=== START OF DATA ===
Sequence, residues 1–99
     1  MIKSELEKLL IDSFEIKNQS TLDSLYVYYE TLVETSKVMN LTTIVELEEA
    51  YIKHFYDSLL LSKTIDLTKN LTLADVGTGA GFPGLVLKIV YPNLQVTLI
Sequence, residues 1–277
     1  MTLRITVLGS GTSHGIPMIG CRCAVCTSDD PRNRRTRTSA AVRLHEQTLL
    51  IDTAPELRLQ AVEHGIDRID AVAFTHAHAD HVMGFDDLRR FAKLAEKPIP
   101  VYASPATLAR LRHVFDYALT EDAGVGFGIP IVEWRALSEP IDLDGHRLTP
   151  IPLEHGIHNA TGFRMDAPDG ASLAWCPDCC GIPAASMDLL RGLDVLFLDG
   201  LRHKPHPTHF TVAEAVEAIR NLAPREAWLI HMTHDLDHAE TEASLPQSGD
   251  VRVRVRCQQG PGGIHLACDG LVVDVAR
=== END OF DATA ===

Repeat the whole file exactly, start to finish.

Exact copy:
Sequence, residues 1–99
     1  MIKSELEKLL IDSFEIKNQS TLDSLYVYYE TLVETSKVMN LTTIVELEEA
    51  YIKHFYDSLL LSKTIDLTKN LTLADVGTGA GFPGLVLKIV YPNLQVTLI
Sequence, residues 1–277
     1  MTLRITVLGS GTSHGIPMIG CRCAVCTSDD PRNRRTRTSA AVRLHEQTLL
    51  IDTAPELRLQ AVEHGIDRID AVAFTHAHAD HVMGFDDLRR FAKLAEKPIP
   101  VYASPATLAR LRHVFDYALT EDAGVGFGIP IVEWRALSEP IDLDGHRLTP
   151  IPLEHGIHNA TGFRMDAPDG ASLAWCPDCC GIPAASMDLL RGLDVLFLDG
   201  LRHKPHPTHF TVAEAVEAIR NLAPREAWLI HMTHDLDHAE TEASLPQSGD
   251  VRVRVRCQQG PGGIHLACDG LVVDVAR